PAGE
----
Brock Sport Management grad readying World Cup for kickoff

A Brock University Sport Management graduate is working logistics for one of the world’s largest sporting events.

Tyler Harrison (BSM ’14, MA ’18) is on the ground level helping the FIFA World Cup Qatar 2022 come together in time for the international tournament, which kicks off Nov. 20.

A total of 32 teams will compete in 65 matches across eight venues in Qatar, which is the first World Cup ever to be held in an Arab country. It will also be the second World Cup for the Canadian men’s national soccer team.

“The experiences at Brock were pivotal in shaping my current career path,” said Harrison, who started working for the World Cup in June 2021. “Brock University and the Sport Management program were a catalyst that ignited me to search out roles beyond Canada.”

A man stands outside of the soccer stadium hosting the 2022 FIFA World Cup in Qatar.

Brock Sport Management graduate Tyler Harrison is working at the 2022 FIFA World Cup in Qatar as a Host Country Logistics Site Manager.

Harrison is responsible for delivering to sites surrounding one of the eight venues, Education City Stadium in the city of Al Rayyan, as a Host Country Logistics Site Manager.

He manages key stakeholder relations with more than 15 different functional areas to make sure they have what they need to operate during the tournament, which runs from Nov. 20 to Dec. 18.

Harrison and the logistics team look after furniture, fixtures and equipment for areas such as transport, last mile, cleaning and waste, and Fan ID.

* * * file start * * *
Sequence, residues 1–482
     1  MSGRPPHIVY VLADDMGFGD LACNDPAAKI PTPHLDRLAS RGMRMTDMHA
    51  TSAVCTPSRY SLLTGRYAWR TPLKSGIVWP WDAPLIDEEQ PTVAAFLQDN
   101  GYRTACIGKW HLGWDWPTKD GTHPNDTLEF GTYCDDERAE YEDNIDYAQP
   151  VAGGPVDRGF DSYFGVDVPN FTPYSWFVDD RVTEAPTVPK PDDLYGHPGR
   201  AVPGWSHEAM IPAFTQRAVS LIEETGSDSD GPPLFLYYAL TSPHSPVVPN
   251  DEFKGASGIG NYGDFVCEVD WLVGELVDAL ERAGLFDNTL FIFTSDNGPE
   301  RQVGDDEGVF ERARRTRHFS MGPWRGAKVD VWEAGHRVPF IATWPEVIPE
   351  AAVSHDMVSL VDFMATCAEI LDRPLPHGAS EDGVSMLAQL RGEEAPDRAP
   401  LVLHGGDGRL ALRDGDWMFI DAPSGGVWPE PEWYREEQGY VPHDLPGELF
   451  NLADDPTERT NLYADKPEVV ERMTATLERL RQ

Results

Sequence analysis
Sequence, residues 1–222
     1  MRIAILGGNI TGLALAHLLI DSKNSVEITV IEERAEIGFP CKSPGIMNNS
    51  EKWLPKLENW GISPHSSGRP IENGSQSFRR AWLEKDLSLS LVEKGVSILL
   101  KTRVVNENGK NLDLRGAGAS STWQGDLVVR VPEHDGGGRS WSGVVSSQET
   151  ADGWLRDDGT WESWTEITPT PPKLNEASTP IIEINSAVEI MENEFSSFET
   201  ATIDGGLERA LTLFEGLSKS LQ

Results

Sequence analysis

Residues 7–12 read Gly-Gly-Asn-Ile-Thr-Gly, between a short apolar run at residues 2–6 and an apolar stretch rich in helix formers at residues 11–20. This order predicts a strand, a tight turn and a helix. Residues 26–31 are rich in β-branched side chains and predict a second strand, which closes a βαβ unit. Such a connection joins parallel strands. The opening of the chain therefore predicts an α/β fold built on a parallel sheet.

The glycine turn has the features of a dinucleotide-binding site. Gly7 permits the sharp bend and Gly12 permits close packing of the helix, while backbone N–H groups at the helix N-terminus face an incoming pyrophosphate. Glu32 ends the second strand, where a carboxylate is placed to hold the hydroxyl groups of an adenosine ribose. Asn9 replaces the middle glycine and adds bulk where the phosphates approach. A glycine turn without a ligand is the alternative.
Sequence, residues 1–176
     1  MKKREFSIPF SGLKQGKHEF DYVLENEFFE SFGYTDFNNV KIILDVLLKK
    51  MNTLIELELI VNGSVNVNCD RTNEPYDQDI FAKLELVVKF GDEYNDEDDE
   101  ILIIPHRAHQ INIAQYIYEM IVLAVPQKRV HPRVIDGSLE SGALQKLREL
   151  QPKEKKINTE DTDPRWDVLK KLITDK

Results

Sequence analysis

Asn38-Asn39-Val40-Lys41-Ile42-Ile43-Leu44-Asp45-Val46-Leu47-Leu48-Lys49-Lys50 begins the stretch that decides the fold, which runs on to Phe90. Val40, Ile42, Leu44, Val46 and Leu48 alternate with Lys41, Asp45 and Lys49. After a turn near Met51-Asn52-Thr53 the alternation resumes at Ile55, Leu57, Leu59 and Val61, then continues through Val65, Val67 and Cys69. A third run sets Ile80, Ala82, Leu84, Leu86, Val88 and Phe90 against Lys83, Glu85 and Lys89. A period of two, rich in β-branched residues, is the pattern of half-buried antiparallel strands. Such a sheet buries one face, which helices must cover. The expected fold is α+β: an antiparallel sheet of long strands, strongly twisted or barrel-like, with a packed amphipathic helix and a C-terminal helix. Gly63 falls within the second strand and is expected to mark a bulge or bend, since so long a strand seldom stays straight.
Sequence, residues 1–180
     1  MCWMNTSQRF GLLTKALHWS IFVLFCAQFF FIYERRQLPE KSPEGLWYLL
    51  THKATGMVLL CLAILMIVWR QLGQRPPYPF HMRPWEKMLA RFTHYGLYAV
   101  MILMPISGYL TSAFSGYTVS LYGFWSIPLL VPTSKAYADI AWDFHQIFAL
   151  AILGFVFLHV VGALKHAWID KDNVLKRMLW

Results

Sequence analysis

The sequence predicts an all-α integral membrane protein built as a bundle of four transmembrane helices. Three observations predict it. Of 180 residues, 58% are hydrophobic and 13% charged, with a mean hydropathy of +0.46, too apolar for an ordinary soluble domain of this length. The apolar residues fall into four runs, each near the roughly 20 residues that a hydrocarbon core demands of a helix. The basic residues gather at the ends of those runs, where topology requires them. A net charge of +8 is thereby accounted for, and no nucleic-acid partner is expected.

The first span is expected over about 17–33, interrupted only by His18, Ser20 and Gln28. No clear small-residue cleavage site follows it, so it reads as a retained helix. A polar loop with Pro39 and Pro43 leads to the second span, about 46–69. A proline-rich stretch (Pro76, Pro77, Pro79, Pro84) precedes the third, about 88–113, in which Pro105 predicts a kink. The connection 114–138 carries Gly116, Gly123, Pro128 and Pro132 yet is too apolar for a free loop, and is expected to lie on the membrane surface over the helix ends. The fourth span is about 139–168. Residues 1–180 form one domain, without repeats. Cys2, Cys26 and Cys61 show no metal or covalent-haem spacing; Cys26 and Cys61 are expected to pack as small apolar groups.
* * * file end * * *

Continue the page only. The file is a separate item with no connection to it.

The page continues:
“I love that the greater logistics family is made up of 70-plus people from more than 40 different countries,” he said.

A former student-athlete with the Brock varsity baseball team, Harrison discovered a local baseball and softball league upon arriving in Qatar. Just two weeks later, he was running a development camp for more than 60 children who have never played the sport before.

“It’s rewarding to introduce the fundamentals of baseball to kids who have never experienced the sport before,” said Harrison, who spent six years as a baseball academy clinic instructor with the Toronto Blue Jays. “Though the Qatari summers can reach over 45 degrees, the country’s winter months are comparable to Canada’s summers, which is optimal to play.”

A group of baseball players stand in a green field.

Tyler Harrison (far left) is helping to teach the game of baseball to children in Qatar through a development camp.

Before landing with the World Cup, he served as a Graduate Student and Teaching Assistant at the University and worked in Brock Sports as a Camps and Clubs Co-ordinator.

Harrison’s interest in events was sparked after working several Brock Badgers sporting events as a student, including the Steel Blade Classic, Paint the Meridian Red and playoff games in Bob Davis Gymnasium. His Brock experience was complemented with travel to the United States and work on conference and national championships with the National Collegiate Athletic Association (NCAA).

He then worked on the early organization of the Niagara 2022 Canada Summer Games before departing in 2020.

“I’ve had some great mentors during my time at Brock University as well as with the Canada Summer Games,” Harrison said. “These individuals taught me the right way to manage and lead others while always striving to get better every day. Without these people, I wouldn’t be working at one of the world’s largest international sporting events.”

Harrison strives to work the World Cup in 2026 when the tournament is hosted by Canada, Mexico and the United States.

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